- Paperback: 516 pages
- Publisher: Lion Forge (October 3, 2017)
- Language: English
- ISBN-10: 1941302416
- ISBN-13: 978-1941302415
- Product Dimensions: 7.7 x 1.4 x 10 inches
- Shipping Weight: 3.8 pounds (View shipping rates and policies)
- Average Customer Review: 45 customer reviews
- Amazon Best Sellers Rank: #84,287 in Books (See Top 100 in Books)
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Lighter Than My Shadow Paperback – October 3, 2017
The Amazon Book Review
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An Amazon Best Book of October 2017: A vast number of thoughtful books about mental illness and eating disorders already exist, so it seems almost impossible that a new story could add anything more to the genus. But Katie Green does exactly that with her astonishing graphic memoir that reveals through every delicate squiggle the long-lingering anguish people in recovery live through while friends and family assume that everything is now A-OK. A normal child growing up among a normal family, Katie develops bulimia as a teen, eventually requiring hospitalization, and she is pulled from school while she learns to eat again. An alternative treatment therapist helps pull Katie through her rough spots, but as Katie discovers once she’s older, his therapy was not completely benign. Artist and storyteller Green exposes buried-deep emotions through the slope of a shoulder or the slightly-too-big distance between her characters in a way that can’t be mimicked through words. The impact of Katie’s loneliness and constant, low-level despair drives deep into the soul but paradoxically will open your own heart and eyes. You’ll finish this determined to look more closely at your friends and loved ones—and especially your children—to make sure you’re not missing what’s masked by a benign surface. —Adrian Liang, The Amazon Book Review
From School Library Journal
Gr 9 Up—Green chronicles her struggles with an eating disorder. In high school, when her weight dropped dangerously low, she underwent treatment for anorexia; in college, she restricted what she ate and engaged in binge eating. For Green, food was intricately linked to her constant pursuit of perfection; despite high grades, she was rarely satisfied with her achievements. She offers a nuanced exploration of the other factors that contributed to her disorder, such as finicky childhood eating habits, negative and positive comments about her body, and unwanted sexual advances from a predatory self-professed healer. Straightforward text and vivid imagery combine for a powerful, achingly honest memoir. Spare artwork devoid of color other than beige, gray, or sepia backgrounds reflects Green's despair. Controlled linework gives way to arresting, chaotic imagery. A cloud of scribbled black lines, symbolizing Green's ever-present stream of self-criticism, threatens to engulf her. At times her nude body floats through space, whittled down or engorged, or is depicted with the skin flayed, revealing her organs. Green realistically portrays her transformation over time from a rigidly controlled adolescent stymied by fear of failure to a young woman willing to take risks. Though the book ends on an optimistic note, the author emphasizes that recovery is ongoing and that she still combats her anxieties and fears. VERDICT This intimate, unflinching title is an essential addition to graphic novel collections.—Mahnaz Dar, School Library Journal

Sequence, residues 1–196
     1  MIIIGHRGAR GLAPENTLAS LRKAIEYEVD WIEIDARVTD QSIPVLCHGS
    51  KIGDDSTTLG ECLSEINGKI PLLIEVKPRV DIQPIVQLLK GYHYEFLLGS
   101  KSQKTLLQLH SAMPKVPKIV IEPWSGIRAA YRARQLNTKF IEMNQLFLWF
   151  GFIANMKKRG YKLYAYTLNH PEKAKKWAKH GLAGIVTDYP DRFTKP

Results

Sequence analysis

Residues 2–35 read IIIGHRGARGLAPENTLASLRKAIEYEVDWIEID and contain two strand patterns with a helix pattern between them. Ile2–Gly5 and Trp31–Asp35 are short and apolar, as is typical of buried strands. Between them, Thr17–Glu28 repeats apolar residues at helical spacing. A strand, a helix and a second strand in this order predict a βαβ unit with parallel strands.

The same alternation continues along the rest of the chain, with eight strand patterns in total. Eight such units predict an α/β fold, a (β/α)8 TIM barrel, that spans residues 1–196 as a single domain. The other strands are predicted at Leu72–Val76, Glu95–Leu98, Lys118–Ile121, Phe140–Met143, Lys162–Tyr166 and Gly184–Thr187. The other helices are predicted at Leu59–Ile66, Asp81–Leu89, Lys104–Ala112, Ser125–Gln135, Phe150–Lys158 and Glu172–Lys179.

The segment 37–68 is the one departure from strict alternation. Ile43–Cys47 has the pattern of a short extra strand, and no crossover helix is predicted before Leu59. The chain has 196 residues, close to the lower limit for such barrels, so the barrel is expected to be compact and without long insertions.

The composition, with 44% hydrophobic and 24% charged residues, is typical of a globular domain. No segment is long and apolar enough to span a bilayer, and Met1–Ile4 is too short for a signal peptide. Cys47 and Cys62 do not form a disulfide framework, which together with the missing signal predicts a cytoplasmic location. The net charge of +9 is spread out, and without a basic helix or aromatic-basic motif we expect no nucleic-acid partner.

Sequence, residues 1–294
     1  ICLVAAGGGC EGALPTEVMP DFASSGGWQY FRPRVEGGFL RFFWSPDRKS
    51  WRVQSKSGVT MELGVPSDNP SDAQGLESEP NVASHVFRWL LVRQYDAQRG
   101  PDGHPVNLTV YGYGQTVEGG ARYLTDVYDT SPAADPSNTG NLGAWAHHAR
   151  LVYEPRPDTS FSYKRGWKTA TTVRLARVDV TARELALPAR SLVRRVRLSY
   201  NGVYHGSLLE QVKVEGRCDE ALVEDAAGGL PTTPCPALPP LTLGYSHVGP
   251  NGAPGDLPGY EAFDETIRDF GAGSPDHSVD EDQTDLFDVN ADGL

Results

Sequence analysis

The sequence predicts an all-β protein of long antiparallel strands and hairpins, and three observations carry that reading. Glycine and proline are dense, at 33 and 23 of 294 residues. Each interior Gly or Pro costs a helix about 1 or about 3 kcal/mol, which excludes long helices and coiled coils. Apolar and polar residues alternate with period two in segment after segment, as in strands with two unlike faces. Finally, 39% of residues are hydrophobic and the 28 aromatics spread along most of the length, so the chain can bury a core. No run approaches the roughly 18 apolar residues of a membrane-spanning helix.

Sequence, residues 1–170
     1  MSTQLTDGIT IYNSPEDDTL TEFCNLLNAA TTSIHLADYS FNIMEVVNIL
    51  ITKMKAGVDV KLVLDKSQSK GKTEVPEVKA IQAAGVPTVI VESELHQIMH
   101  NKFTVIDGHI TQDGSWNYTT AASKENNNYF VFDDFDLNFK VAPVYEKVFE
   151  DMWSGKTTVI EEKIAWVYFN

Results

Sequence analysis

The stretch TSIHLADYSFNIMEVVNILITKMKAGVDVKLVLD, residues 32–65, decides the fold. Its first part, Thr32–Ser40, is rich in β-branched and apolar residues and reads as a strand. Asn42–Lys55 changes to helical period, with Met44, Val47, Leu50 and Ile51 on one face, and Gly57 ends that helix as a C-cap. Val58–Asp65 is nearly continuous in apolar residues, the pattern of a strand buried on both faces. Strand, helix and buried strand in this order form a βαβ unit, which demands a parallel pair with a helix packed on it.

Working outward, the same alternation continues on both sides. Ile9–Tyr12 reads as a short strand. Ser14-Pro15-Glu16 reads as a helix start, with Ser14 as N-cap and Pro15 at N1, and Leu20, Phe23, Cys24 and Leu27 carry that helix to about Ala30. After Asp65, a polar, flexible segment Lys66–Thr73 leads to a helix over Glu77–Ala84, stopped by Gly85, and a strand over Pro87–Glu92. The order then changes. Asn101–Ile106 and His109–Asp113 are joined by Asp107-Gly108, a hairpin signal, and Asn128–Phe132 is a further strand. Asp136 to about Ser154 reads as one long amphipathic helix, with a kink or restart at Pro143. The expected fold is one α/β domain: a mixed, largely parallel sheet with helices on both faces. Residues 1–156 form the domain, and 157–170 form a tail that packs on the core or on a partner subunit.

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Her happy childhood was disrupted by oncoming puberty. Her best friend was growing up faster than Katie was, which drove them apart. Then there were bullying boys at school, where Katie’s achievement singled her out for more negative attention. Even her friends were catty to her about her lack of interest in the opposite sex. It all added up to a recipe for seeking ever more control over the one thing in her life she can control absolutely: what she eats. At first, her discipline, giving up junk food to start, made her feel healthy, but it soon came to consume her.
Lighter Than My Shadow has a very different look from most graphic novels, as you can see at the book’s website. Her figures are simple, dot-eyed stand-ins that resemble toys, but they have an impressive sense of motion and emotion. The poses are realistic and well-observed.
Most of the book is printed on grey or sepia paper, giving the whole thing a gloomy overtone that suits the material and focuses attention on the central figures. There are no gutters, and the borders between panels resemble torn paper edges. The despair that overtakes Green is shown as a black scribble, a simple but potent device that can be used as an overhanging cloud or a looming threat. Later on, she draws herself with a yawning open mouth in her midsection, the perfect image for how thinking about food and eating begins to define her.
Green’s portrayal of her life is very approachable, which makes her gradual slide into disorder all the more understandable. Her depiction of her mental state, of how all this made sense to her and even how some attempts at recovery were just more ways of trying to be good, is incredibly truthful. The straightforward art makes this readable by even those not used to comics. I hope this book reaches outside the usual graphic novel readers, because its message of Katie’s journey could help a lot of girls and women realize they’re not alone in their concerns and mental struggles. Anorexics sometimes feel as though they want to erase themselves, and the comic format is a perfect venue to illustrate that literally and symbolically. Her desire to make art infers her well-chosen images, using the visuals to represent her internal state of mind. (Review originally posted at ComicsWorthReading.com.)
Suitable for growing teens who thinks that they need to do things to fit in.